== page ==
CFL.ca will be previewing the 2022 season, taking an in-depth look at each of the nine teams as they get set to hit the field.
It is the most intriguing piece of the Edmonton Elks puzzle heading into the 2022 season.
The big question is not hard to see. It revolves around the starting quarterback and you have to wonder whether the team has what it needs at the position in order to climb back into contender’s status in the West.
Edmonton general manager and head coach Chris Jones will work his usual magic in areas we have known him to work it in the past. The defence will start morphing into one of the best in the CFL, probably by about Labour Day, if not sooner. The reliable Sergio Castillo will ensure the Elks do not suffer much from the scourge of field goal points left off the board.
The offence will enjoy some prosperity when running back James Wilder Jr. is given the ball, which might well be often. In Wilder the Elks have a proven, dominant backfield presence who can be a powerful runner as well as an explosive YAC man on short pass patterns. But there is only so far they can go on his shoulders, on offence. The Elks need a trigger-man who can get the ball to the likes of receivers Kenny Lawler and Derel Walker on a consistent basis.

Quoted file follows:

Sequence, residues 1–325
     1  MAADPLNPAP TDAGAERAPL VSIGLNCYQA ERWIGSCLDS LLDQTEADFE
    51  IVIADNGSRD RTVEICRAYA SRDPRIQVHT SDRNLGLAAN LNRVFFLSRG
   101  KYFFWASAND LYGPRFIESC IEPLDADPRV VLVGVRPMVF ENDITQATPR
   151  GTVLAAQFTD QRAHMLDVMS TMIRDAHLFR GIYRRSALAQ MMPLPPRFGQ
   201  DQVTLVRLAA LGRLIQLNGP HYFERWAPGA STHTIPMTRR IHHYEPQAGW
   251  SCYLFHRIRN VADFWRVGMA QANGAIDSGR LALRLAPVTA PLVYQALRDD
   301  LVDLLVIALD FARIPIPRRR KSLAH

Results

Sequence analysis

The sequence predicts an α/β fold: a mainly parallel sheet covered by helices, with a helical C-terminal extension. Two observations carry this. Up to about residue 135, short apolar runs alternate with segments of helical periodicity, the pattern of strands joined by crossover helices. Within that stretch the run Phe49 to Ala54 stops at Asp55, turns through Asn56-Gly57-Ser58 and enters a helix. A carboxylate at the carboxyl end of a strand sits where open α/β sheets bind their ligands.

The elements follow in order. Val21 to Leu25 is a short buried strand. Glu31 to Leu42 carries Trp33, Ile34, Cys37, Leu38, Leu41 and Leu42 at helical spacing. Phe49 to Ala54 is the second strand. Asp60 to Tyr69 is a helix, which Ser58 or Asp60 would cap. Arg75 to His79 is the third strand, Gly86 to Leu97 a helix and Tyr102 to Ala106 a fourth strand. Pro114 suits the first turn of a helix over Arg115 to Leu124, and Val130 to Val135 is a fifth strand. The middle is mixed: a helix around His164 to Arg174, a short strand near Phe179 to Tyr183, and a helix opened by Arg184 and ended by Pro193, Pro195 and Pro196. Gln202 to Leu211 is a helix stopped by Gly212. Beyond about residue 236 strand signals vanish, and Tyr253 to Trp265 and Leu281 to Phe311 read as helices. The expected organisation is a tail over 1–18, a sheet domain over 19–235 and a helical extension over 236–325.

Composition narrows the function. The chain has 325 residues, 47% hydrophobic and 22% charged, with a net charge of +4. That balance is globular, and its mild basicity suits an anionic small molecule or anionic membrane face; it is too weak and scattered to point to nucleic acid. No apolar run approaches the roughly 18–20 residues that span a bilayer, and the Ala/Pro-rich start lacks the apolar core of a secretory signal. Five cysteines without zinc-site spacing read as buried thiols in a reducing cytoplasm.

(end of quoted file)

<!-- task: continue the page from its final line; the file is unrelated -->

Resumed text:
There are ‘ifs’. There are ‘ands.’ Along with those — as always — there are ‘buts.’ All of them have a place in answers to the biggest questions the Elks face in 2022: Who is Nick Arbuckle? Can he emerge as a consistent starter? If he cannot, do the Elks have an answer in another quarterback on the roster?
That the Elks made a push to try and sign veteran Jeremiah Masoli during free agency was telling, even after the team had given Arbuckle a re-worked contract and, reportedly, a sizeable signing bonus. If Arbuckle is currently at the top of the Edmonton quarterbacking pyramid, there is not much doubt that Masoli would have been at the apex had he decided on Green and Gold instead of the Red and Black in Ottawa.
Here’s an if: If Arbuckle is the quarterback some of us think he is, then things will work out just swell for the Elks and for the 28-year-old journeyman from Oxnard, CA.